A CRITIQUE ON PIAGETIAN THEORIES OF COGNITIVE DEVELOPMENT

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TABLE OF CONTENTS  

TITLE……………………………………………………………...i   

CERTIFICATION………………………………………………..ii

DEDICATION ………………………………………….………..iii

ACKNOWLEDGEMENTS……………………………………...iv

TABLE OF CONTENTS ……………………………………….vii   

CHAPTER ONE

PROBLEM AND BACKGROUND

1.1    Introduction……………………………………………….…1

1.2    Problem of the Study………………………………………...4 

1.3    Purpose of the Study ………………………………………..6

1.4   Scope of the  Study…………..…..…………………………..6

1.5   Methodology…………………………………..……………..7

1.6   Division of the Work ………………………………..………7

CHAPTER TWO

THE PIAGETIAN IDEOLOGY

2.1    Historical Background on Piaget……….………….………..8

2.2    Piaget’s Works..……………………………..…...…………13

2.3    General Orientation to Piaget’s Theory……..…………………15

2..3.1 The Concept of Genetic Epistemology. ………………………15

2.3.2  The Biological Approach ………………………..……………16

2,3.3  The Concept of structuralism. ….……………… …… ………16

CHAPTER THREE

PIAGETIAN THEORIES OF COGNITIVE DEVELOPMENT VIS-À-VIS OTHER COGNITIVE THEORIES

3.1    The General Features of Piaget Theories ………………….…..18

3.1.1   The Sensorimotor Period …………………………………..…18

3.1.1.1 Modification of Reflexes……………………………….…….19

3.1.1.2   Primary Circular Reactions……………………..…………..20

3.1.1.3  Secondary Circular Reactions ………………………………20

3.1.1.4   Coordination of Means-end Relations ……………………..21

3.1.1.5   Tertiary Circular Reactions ………………………………..21

3.1.1.6    Mental Combinations ……………………………………..22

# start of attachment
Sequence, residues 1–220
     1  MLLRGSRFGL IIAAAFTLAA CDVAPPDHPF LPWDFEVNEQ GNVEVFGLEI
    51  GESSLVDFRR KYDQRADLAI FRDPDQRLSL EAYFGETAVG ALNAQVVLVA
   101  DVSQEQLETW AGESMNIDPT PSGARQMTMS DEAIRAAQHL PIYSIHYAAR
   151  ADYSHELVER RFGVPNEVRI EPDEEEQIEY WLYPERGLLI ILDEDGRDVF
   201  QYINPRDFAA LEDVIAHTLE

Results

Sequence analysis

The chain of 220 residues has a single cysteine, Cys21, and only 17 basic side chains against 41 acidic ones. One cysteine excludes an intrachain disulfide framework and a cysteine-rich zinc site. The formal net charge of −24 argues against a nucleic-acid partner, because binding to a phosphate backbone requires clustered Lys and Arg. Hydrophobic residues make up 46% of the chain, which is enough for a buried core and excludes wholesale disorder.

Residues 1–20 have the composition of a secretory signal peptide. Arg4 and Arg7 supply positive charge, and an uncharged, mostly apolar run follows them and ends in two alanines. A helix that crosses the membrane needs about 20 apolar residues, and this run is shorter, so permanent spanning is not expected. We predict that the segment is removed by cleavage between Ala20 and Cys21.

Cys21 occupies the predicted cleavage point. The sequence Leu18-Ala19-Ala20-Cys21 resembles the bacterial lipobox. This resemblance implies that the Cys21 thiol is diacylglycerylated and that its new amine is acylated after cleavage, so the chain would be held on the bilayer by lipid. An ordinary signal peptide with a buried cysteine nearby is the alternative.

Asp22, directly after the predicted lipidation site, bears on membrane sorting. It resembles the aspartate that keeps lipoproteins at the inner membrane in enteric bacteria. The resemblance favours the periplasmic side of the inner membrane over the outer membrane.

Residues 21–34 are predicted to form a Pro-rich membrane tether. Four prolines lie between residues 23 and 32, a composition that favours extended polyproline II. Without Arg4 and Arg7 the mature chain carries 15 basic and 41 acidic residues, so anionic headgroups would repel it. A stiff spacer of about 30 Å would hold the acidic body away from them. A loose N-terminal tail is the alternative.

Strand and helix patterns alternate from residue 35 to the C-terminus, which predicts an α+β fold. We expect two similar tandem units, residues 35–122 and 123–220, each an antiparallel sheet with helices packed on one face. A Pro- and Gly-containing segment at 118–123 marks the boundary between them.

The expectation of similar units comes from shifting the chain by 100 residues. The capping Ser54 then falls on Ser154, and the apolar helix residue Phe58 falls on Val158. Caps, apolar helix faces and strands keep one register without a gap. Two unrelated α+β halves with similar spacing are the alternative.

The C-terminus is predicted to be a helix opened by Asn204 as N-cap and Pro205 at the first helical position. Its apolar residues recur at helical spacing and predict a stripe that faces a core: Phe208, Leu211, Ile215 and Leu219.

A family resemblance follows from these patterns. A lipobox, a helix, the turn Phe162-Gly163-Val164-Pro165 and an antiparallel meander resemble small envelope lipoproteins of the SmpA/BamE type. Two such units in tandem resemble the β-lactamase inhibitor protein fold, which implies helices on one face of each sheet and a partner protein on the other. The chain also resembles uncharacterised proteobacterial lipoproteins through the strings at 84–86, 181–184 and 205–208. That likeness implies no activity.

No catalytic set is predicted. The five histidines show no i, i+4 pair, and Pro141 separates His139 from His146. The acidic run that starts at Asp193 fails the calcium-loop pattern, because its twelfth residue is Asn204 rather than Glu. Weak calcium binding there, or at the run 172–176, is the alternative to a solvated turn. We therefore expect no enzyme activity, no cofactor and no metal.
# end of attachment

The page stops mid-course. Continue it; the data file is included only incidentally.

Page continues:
3.1.2  The Preoperational Period ……………………………………22

3.1.2.1    Egocentrism ……………..………………………………...24

3.1.2.2   Centration …………………………………………….……24

3.1.2.3   Semilogical Reasoning …………………..………………...25

3.1.2.4   Limited Social Cognition ………………………….………26

3.1.3      The Concrete Operational period ………………………….26

3.1.4      The Formal Operational Period ……………..……………..29

3.1.5     The Mechanisms of Piaget’s Development ……….……….30

3.1.5.1   Cognitive Organization ……….……………………...……31

3.1.5.2    Cognitive Adaptation ……………………..………………32

3.1.4.1.1 Assimilation …………………………..………….……….33

3.1.4.1.2  Accommodation ………………………………….………34

3.1.4.2     Cognitive Equilibration …………………………………..35

3.2     Other Cognitive Theories vis-à-vis Piaget Theories …………36

3.2.1   Jerome Bruner’s Theory of Cognitive Development ………..36

3.2.1.1     Enactive Mode …..……………………………………….36

3.2.1.2.    Iconic Mode ………………………………………..…….37

3.2.1.3     Symbolic Mode ………..…………………………………37

3.2.2   Vygotsky’s Theory of Cognitive Development ……………..38

3.2.3  Albert Bandura’a Social Cognitive Theory ……………..……41

CHAPTER FOUR

EVALUATION AND CONCLUSION

4.1 A Critique of Piagetian Cognitive Theories …………..………...45

4.1.1 The Underestimation of Children’s Capabilities ….....……….46

4.1.2The Inadequate Account of Mechanisms …………...…………47

4.1.3The Inadequate Notion of Stage………………………………48

4.1.4 The Inadequate Account of Training Children for High 

          Reasoning……….…………………………………………...50

4.1.5 The Underestimation of Cultural Role in Development. …….50

4.1.6 The Inadequate Method of Clinical Research ………….….…51

4.2 Conclusion …………………………………………….……….53

 

BIBLIOGRAPHY…………..…………………………….…….…57

 

 

 

 

CHAPTER ONE

PROBLEM AND BACKGROUND

1.1            INTRODUCTION

Generally speaking, one of the earliest observations we make in life is that the desire to explore the unknown to further our knowledge and understanding is a fundamental characteristic of being human.  Thus, to boldly go into the unknown is also what each of us does in the course of our development.